LGBTQ Legal Groups Sue Arizona Over 'Anti-LGBTQ' Curriculum Laws

By Mariana Dale
Published: Thursday, March 28, 2019 - 6:23pm
Updated: Friday, March 29, 2019 - 12:12pm

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LBGTQ legal rights groups are suing Arizona education leaders over laws they say discriminate against LGBTQ students in the state’s public schools.

Sometimes called “no promo homo” or “anti-gay curriculum” laws, they specifically say schools cannot “promote a homosexual lifestyle” in health classes.

“These laws have an effect where they allow and create an environment where intolerance can grow and LGBTQ students feel stigmatized and no student should have to feel that way at school,” said Puneet Cheema, a Lambda Legal attorney working on the case.

What Are Arizona’s LGBTQ Curriculum Laws?

The laws were created by the Arizona Legislature in 1991 and govern how schools can teach students about HIV and AIDS. 

Specifically the laws say instruction cannot promotes a “homosexual life-style,” portray “homosexuality as a positive alternative life-style,” or suggest there are safe ways to have homosexual sex.

Several Arizona school districts have interpreted the laws as controlling all sex education, since that is generally when lessons about HIV and AIDS are discussed.

"The law that's currently on the books really forbids that and keeps those conversations in the closet, if you will,” said Tucson Unified School District School Board Member Kristel Ann Foster in an interview with KJZZ last month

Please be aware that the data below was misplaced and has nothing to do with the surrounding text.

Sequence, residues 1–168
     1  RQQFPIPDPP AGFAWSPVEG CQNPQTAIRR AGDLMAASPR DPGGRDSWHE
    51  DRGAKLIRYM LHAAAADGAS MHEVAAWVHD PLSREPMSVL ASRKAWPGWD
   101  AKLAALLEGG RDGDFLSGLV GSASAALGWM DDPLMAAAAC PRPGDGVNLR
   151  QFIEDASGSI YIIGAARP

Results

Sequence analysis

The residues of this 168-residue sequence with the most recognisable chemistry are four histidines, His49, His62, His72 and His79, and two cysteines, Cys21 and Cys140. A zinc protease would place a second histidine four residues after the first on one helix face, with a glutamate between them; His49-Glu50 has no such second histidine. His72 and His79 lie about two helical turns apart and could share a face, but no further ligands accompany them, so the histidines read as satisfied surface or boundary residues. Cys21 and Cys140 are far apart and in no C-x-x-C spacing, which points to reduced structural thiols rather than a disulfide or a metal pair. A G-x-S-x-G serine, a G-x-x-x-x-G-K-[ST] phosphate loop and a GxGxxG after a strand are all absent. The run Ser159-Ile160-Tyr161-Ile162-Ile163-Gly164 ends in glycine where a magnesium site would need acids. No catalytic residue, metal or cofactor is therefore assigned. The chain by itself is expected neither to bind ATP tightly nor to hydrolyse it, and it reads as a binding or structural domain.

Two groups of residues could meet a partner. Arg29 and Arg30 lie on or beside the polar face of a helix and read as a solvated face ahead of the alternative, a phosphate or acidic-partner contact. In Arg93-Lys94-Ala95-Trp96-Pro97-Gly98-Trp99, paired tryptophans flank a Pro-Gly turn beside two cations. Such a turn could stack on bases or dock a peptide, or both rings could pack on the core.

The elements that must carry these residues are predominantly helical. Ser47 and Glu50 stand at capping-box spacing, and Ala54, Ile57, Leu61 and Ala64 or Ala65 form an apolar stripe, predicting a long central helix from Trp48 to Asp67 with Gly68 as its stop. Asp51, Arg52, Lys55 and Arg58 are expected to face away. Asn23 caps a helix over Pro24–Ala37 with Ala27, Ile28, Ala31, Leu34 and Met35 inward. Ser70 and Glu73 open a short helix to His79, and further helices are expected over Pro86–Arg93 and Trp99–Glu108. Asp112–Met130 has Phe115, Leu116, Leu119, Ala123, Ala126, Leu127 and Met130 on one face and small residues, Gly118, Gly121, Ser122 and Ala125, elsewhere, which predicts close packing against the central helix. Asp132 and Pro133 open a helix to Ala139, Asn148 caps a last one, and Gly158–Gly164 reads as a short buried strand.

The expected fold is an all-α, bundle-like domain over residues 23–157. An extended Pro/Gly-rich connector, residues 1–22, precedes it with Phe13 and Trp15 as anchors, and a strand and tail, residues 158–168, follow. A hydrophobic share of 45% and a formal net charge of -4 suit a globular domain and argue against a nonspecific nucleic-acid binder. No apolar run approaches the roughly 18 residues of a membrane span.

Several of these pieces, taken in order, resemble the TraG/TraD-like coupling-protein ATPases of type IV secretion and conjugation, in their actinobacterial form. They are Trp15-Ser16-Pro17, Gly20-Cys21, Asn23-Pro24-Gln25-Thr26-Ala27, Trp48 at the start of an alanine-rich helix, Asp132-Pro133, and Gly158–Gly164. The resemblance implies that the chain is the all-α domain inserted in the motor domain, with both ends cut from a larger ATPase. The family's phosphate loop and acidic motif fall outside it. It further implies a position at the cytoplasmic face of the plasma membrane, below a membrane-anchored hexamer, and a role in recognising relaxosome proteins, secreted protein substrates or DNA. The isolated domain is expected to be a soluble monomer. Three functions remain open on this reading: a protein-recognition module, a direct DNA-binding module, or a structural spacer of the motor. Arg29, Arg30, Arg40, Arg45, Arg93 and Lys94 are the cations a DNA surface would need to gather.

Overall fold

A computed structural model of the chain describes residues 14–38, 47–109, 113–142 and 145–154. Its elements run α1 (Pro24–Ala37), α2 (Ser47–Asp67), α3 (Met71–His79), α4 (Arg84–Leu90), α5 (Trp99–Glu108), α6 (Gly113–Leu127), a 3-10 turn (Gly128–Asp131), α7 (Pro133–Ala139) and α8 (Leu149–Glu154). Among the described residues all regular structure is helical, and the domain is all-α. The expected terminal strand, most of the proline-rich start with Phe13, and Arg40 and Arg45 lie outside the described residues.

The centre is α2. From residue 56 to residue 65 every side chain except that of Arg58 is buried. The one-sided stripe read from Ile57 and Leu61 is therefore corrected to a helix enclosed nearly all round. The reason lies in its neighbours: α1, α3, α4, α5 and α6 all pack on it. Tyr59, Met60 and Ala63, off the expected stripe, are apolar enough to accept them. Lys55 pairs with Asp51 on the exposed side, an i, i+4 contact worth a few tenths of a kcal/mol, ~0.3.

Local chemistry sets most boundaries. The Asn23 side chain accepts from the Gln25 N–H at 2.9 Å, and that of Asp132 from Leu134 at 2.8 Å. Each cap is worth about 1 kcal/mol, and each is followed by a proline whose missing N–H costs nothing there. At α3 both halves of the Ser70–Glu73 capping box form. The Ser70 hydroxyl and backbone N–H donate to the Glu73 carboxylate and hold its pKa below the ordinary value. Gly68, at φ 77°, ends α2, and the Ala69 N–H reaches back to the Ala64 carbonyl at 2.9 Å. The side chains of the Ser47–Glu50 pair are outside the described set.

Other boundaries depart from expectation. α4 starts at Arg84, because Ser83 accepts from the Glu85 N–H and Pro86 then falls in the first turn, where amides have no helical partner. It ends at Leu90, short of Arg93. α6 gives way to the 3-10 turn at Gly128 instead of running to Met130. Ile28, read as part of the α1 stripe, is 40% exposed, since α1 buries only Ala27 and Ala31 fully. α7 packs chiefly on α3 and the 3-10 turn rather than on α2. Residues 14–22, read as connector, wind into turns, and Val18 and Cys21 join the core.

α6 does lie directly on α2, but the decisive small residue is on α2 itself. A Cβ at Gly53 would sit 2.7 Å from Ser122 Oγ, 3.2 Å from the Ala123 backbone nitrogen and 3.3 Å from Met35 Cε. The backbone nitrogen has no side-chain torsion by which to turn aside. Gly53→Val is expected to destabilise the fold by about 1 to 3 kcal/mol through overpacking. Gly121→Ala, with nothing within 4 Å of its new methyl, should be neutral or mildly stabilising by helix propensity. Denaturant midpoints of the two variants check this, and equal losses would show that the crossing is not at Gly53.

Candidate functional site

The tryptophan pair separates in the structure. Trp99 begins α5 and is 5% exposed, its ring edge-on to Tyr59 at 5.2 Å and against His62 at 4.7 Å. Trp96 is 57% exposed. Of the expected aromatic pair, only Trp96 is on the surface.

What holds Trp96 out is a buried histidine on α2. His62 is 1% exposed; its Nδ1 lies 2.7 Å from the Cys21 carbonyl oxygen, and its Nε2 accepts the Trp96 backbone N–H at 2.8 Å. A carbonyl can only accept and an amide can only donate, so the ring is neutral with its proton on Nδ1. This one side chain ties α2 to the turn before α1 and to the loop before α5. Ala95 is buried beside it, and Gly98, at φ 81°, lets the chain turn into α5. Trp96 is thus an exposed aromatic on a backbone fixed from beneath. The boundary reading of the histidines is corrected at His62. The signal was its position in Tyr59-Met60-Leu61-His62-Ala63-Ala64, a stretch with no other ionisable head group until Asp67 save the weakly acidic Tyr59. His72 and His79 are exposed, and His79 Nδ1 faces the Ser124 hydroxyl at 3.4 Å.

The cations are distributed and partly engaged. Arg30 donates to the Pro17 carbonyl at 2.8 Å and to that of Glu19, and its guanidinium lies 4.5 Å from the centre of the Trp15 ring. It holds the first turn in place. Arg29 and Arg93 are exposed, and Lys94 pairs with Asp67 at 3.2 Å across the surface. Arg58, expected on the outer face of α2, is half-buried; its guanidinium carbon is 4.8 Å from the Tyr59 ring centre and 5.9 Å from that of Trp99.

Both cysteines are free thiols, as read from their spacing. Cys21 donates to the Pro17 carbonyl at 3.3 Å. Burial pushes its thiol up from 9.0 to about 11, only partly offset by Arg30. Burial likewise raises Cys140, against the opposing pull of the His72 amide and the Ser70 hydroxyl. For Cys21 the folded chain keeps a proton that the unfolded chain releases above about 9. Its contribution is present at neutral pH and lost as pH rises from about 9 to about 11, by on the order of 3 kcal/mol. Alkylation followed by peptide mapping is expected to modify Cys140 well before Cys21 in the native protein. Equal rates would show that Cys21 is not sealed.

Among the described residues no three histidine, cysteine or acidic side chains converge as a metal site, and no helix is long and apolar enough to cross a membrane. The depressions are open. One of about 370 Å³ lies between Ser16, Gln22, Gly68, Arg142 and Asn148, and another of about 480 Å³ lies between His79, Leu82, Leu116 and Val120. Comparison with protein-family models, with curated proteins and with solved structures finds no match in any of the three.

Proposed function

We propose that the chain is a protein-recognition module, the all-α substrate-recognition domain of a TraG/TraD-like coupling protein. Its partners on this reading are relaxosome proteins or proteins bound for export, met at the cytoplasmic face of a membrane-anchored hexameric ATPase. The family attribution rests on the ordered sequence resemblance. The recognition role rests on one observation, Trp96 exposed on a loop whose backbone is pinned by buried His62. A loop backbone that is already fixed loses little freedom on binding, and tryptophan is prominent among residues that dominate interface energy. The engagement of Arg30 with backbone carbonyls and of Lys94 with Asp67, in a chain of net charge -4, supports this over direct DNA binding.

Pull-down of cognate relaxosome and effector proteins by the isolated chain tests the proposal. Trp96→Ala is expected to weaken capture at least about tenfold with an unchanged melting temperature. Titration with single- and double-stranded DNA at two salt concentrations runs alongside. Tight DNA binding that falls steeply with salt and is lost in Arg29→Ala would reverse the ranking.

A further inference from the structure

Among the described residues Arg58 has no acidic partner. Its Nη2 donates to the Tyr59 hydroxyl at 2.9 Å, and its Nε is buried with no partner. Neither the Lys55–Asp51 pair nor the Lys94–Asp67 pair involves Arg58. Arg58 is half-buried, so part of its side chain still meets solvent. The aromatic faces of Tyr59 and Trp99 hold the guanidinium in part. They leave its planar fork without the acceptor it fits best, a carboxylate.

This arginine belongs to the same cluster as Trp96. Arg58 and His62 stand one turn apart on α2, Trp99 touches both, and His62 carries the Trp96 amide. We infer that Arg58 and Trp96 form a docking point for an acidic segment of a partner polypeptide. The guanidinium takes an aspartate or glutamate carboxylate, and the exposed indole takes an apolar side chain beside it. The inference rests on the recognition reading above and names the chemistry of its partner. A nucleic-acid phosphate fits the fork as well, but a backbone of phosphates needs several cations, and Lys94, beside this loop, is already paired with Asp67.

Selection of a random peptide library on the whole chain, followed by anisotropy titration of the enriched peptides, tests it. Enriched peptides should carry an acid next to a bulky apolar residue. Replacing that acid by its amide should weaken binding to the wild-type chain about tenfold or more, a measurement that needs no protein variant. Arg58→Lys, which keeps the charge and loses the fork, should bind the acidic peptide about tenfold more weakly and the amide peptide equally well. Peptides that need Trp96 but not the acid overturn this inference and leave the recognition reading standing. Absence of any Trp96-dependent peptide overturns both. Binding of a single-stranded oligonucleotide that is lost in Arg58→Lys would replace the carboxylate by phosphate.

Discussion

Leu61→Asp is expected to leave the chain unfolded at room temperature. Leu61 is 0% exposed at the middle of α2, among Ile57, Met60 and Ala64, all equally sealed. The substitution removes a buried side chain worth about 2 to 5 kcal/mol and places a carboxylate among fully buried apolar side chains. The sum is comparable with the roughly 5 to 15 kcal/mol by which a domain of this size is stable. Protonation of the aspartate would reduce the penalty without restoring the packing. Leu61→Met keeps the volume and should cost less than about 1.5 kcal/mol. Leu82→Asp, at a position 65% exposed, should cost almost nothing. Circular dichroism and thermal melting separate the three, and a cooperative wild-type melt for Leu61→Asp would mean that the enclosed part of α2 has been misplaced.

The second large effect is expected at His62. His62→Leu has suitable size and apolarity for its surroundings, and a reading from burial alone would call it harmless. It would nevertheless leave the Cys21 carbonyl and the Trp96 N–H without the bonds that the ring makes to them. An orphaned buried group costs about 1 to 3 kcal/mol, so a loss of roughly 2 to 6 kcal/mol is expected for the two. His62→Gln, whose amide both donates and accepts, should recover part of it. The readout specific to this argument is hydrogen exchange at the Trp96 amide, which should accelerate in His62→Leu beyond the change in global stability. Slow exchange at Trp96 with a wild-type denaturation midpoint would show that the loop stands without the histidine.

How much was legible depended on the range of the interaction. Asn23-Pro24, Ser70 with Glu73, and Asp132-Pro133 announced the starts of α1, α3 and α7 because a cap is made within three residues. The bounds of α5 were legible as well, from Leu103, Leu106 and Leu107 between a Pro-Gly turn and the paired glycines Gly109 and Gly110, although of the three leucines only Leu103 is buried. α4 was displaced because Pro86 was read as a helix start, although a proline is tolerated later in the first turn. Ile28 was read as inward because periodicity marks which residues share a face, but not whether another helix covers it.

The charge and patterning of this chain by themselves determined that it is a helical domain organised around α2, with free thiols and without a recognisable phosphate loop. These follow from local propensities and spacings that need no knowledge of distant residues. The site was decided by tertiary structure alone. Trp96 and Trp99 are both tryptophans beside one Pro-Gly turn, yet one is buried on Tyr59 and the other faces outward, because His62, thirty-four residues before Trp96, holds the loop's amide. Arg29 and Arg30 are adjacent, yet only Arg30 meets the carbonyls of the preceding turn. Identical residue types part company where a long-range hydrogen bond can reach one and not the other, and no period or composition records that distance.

The Tucson district had to drop language that would have made its sex education curriculum more inclusive in 2016 and has since revived an effort to change its policies.

LGBTQ advocacy group GLSEN reports Arizona’s laws are similar to those in at least six other states.

Many of the laws were passed in the midst of the HIV/AIDS epidemic after the U.S attorney general advised HIV/AIDS education start at an early age. 

What The Lawsuit Says

The complaint argues Arizona’s laws violate the Equal Protection Clause of the 14th Amendment to the U.S. Constitution because it singles out students that are not heterosexual.

“The negative impact is significant, communicating to teachers and students that there is something so undesirable, shameful, or controversial about ‘homosexuality’ that any positive portrayal of non-heterosexual people or relationships must be barred,” said the complaint.

The suit seeks to stop the enforcement of the law.

“No group of students should be treated separately and differently from hetereosexual students,” Lambda Legal attorney Cheema said.

Michael Soto
Daisy Finch/KJZZ
Michael Soto is the executive director of Equality Arizona.

Michael Soto is the executive director of Equality Arizona. He grew up in Arizona attending Mesa public schools and says his education did not reflect his experience as a queer transgender man.

“I know that that kind of sex education doesn’t set you up for success as an adult to make the healthiest best choices possible. You have to find that information on your own later.”

Arizona has seen a significant increase in new HIV/AIDS cases in the last several years